As we ponder the ten commandments today, what do you think about them? What do they mean for you as a person of faith? Are they one more list of things to add to your already full to do list or are they life giving models for how God dreams we can live? Possibly they fall somewhere in between for you or maybe you rarely think about the 10 commandments.
Thomas Long said this in an article on the commandments, “In popular religious consciousness, the 10 commandments have somehow become burdens, weights, and heavy obligations. For many the commandments are encumbrances placed on personal behavior. Most people cannot name all ten, but they are persuaded that at the center of each one is a finger-wagging “thou shalt not.”¹ For others, the commandments are heavy yokes to be publically placed on the necks of rebellious society.”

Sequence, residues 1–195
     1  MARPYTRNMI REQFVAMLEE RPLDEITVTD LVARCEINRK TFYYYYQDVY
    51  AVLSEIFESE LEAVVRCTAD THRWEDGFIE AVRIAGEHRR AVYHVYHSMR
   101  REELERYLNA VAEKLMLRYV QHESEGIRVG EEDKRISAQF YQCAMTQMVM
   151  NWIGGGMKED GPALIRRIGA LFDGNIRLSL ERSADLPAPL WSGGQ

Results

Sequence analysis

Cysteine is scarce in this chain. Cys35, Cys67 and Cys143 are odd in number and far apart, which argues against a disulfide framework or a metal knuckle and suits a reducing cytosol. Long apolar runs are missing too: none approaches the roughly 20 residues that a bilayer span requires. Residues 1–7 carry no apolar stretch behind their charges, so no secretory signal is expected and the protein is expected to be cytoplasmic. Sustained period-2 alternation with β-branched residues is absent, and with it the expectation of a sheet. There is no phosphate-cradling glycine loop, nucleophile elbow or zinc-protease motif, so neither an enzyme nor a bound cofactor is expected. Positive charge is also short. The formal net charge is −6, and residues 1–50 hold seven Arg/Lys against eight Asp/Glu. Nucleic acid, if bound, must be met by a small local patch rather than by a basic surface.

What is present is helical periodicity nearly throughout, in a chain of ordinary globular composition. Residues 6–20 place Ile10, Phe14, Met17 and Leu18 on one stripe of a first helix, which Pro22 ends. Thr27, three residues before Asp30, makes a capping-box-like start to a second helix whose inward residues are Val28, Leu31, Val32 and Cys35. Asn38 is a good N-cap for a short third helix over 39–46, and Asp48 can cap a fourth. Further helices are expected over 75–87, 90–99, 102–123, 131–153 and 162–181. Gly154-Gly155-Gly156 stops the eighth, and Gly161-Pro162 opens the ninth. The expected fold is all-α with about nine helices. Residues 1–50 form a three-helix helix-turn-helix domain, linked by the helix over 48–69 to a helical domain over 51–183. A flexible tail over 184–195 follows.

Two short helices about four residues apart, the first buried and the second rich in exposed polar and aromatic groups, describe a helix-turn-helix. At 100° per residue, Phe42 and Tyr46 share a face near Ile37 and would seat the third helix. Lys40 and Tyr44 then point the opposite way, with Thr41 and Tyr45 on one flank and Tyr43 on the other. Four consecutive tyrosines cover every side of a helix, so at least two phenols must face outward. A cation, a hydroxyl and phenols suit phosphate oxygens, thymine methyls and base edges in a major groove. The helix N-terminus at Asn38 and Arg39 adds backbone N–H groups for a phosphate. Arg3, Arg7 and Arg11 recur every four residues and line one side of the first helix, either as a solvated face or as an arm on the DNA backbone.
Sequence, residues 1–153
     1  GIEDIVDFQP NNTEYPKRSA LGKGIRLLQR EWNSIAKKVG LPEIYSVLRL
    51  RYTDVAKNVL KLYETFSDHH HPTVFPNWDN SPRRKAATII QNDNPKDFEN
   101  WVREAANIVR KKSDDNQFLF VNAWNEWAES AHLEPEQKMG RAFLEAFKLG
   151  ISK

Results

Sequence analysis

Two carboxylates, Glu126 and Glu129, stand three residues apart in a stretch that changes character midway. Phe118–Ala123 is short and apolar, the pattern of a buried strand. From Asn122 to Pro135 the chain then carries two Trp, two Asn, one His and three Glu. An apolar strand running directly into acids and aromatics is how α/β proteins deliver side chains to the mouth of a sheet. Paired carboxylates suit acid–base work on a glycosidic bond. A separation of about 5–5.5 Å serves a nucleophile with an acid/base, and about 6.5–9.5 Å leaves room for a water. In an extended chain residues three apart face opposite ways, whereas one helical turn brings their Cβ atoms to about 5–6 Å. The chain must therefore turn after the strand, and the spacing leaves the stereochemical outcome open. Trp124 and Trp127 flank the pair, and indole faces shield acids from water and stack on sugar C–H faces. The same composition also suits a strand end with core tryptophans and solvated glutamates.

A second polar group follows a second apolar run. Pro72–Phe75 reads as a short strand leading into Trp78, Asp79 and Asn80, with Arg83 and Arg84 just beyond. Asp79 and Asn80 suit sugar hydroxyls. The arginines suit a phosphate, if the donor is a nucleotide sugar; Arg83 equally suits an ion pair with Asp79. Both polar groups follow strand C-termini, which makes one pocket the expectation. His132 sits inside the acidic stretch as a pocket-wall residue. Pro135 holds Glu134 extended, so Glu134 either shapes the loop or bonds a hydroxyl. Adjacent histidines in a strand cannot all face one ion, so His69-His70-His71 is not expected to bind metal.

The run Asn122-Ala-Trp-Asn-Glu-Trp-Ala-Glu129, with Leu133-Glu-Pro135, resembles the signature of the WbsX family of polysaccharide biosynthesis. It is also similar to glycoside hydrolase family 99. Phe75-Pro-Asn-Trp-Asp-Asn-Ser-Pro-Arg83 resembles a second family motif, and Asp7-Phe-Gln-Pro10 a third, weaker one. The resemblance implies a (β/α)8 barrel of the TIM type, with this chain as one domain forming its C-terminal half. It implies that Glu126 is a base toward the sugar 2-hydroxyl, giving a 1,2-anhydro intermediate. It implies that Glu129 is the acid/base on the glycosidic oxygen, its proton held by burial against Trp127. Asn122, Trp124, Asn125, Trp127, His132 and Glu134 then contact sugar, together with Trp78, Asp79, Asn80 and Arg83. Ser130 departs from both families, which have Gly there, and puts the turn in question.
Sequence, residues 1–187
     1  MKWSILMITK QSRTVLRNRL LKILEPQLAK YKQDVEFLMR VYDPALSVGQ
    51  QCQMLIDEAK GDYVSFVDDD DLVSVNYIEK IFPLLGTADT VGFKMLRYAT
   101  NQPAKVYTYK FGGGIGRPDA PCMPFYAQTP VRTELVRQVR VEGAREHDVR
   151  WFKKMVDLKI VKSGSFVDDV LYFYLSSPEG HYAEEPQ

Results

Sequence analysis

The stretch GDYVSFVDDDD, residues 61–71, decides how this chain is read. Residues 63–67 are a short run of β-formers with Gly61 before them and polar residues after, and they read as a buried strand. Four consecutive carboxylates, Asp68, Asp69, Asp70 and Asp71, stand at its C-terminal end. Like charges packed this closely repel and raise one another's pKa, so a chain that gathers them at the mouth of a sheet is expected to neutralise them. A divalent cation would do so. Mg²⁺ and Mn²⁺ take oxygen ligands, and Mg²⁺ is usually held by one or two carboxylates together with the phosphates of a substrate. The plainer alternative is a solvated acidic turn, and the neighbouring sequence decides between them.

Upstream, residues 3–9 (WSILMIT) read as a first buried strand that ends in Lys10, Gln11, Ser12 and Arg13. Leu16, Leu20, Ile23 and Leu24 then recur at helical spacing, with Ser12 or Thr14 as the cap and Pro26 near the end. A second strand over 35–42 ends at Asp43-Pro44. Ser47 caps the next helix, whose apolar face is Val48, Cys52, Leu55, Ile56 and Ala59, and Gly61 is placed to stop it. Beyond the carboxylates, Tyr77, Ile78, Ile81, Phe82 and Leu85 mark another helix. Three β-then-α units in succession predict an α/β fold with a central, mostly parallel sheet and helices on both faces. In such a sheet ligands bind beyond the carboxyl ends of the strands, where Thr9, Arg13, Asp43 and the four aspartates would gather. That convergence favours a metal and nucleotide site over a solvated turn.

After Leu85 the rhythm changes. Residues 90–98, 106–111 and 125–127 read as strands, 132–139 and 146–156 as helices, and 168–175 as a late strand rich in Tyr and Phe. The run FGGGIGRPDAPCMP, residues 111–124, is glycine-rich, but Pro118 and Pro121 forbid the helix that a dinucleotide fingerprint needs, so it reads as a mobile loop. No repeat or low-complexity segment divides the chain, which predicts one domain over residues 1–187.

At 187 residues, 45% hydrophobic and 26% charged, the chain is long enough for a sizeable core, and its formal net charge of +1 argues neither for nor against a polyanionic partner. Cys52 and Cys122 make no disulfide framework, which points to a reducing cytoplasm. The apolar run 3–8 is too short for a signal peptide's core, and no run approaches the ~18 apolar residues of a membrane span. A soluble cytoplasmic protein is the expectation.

Viewing the 10 commandments in this way as a burden or restraints around our necks, rules that must be followed or else, holds us back from living our lives in the way God intended. God gave us the gift of life, so not living our lives the best way possible is in fact, a sin. We sin when we live in fear of failure because we are not using the gifts God has graciously given us. If we spend all our time thinking about what we aren’t supposed to do, there is no time left to do anything. God wants us to live our lives, to see the beauty in creation, to build strong relationships, to help others live. We were created to do good and that is what the 10 commandments help us to do.
Let me briefly sketch the story that surrounds the commandments. As the book of Exodus begins, there arises in Egypt a king who didn’t know Joseph. Remember, Joseph had found favor with the Pharaoh when through Joseph God interpreted Pharaoh’s dreams. The Egyptians were saved from starving in years of drought and for this Joseph became the Pharaoh’s right hand man. When the book of Exodus starts, Joseph has been dead long enough that those in power no longer remember him or his technocolor dreamcoat. This leaves the Hebrew people vulnerable.